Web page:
how is that a fundamental flaw? It's an implementation detail. It can be annoying to repeatedly move your mouse from the top-left to the bottom-right, sure. It would be nice if the "hotspot" for it were configurable or something in case you found it more convenient somewhere else. Same goes for the notification try thing at the bottom. If you're basing your hatred of it on this, you're (surprise) an idiot! Gnome3 is interesting because of its overviews and workspaces, not because of which key-combinations and mouse-clicks it currently has you perform. Note that this is especially annoying if you are fighting the ui (i want my windows 95 back!!!!!), instead of just using it -- if you don't know that you can drag the background up and down in the activities overview similar to how you can drag-and-drop individual windows, then yes, this is tedious. But scrolling the workspaces by dragging is convenient, doesn't require you to move your mouse all the way across your widescreen monitor, and is one of those things you find to be so intuitive that you quickly forget you can't do it in other environments and begin to take it for granted.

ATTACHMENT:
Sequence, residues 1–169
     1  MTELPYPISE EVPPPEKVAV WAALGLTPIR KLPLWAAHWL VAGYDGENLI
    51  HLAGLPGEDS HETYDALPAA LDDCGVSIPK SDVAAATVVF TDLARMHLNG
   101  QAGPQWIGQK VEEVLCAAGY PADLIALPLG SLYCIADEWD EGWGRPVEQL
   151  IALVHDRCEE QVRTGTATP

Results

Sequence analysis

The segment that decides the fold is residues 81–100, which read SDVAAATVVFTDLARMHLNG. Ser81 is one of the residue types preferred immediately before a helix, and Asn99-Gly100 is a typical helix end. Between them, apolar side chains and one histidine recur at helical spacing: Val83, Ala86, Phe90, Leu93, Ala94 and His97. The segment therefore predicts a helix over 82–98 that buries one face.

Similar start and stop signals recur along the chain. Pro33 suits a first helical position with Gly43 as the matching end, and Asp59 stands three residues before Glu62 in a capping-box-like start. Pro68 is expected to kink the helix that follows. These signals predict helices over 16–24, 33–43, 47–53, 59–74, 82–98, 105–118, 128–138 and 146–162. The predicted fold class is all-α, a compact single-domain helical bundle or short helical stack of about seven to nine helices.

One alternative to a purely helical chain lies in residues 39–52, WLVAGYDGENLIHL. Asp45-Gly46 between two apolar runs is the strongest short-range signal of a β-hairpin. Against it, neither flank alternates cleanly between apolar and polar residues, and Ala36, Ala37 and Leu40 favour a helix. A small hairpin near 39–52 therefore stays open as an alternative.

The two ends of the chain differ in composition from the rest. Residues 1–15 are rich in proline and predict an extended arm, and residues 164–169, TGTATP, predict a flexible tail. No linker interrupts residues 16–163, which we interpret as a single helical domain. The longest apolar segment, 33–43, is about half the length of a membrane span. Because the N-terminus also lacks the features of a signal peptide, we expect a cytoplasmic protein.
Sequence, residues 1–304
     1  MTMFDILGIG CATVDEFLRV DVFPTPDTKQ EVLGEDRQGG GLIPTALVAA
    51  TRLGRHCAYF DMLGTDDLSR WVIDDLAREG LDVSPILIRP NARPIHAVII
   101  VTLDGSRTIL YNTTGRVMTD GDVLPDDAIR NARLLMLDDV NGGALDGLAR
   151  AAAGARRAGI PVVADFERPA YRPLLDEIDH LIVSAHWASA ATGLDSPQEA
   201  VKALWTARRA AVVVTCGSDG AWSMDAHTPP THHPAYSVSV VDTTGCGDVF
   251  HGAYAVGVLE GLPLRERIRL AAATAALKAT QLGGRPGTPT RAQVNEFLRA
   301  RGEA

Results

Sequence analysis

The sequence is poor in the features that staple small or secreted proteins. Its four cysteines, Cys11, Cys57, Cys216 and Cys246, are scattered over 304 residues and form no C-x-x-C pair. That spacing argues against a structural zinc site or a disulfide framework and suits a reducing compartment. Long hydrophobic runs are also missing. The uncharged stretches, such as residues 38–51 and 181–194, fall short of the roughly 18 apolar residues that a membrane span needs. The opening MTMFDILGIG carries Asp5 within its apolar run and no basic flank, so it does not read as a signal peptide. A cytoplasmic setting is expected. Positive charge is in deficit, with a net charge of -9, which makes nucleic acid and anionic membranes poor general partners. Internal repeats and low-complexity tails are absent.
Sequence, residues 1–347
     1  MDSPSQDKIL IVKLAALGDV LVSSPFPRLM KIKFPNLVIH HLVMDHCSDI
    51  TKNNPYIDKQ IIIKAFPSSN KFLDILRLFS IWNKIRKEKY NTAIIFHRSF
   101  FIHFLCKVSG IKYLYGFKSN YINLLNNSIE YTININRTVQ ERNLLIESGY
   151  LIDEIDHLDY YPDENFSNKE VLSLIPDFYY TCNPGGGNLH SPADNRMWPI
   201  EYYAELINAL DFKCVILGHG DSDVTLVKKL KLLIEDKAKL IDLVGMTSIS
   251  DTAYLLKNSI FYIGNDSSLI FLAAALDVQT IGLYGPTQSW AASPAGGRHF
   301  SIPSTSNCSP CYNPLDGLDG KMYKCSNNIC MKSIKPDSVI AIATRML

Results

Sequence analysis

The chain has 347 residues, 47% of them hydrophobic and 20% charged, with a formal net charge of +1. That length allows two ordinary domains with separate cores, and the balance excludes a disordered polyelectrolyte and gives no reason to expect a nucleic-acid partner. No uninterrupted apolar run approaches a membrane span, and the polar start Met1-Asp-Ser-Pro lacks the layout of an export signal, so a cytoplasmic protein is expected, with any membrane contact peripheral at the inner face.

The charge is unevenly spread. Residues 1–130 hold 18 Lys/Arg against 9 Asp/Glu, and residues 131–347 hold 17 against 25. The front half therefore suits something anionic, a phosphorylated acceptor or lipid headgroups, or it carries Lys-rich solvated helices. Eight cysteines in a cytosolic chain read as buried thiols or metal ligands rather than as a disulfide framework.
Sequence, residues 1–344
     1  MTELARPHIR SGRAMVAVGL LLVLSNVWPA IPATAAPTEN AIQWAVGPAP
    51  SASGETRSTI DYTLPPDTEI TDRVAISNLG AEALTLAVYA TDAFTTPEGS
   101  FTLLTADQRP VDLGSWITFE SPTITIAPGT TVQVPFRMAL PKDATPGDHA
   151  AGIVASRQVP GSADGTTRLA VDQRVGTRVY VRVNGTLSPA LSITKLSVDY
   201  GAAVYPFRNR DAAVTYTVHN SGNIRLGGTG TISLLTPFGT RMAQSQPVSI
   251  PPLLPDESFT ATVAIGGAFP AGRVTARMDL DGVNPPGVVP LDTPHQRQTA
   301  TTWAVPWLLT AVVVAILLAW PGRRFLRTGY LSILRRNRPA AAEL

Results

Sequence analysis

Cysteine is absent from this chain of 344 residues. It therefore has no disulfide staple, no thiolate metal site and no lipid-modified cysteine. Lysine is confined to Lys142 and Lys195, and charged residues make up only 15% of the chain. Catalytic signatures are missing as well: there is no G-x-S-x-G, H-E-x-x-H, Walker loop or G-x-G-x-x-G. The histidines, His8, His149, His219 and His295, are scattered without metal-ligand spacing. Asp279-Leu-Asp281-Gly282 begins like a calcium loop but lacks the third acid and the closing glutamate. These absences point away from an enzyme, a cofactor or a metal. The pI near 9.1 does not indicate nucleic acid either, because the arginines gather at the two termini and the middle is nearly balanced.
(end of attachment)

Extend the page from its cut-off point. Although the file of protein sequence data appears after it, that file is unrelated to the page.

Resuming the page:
also, keyboard shortcuts do not qualify as solutions? what?

    This is linux. Keypresses shouldn't be absolutely necessary in a gui environment, and it'd be nice if there were more, or they were more configurable, but what the hell are you talking about if you only consider mouse input for everything? One of the truly interesting things about gnome3, especially compared to other desktop environments, is that keyboard shortcuts actually feel powerful and integrated. In older environments, keyboard shortcuts are essentially shortcuts to let you not use the gui anymore, like a launcher, or alt-tabbing and its virtual desktop equivalent. Gnome-shell is the first environment I've used where the super key is a blessing instead of an afterthought, where pressing it doesn't make you feel like somebody dropped something on your mouse and right-clicked somewhere.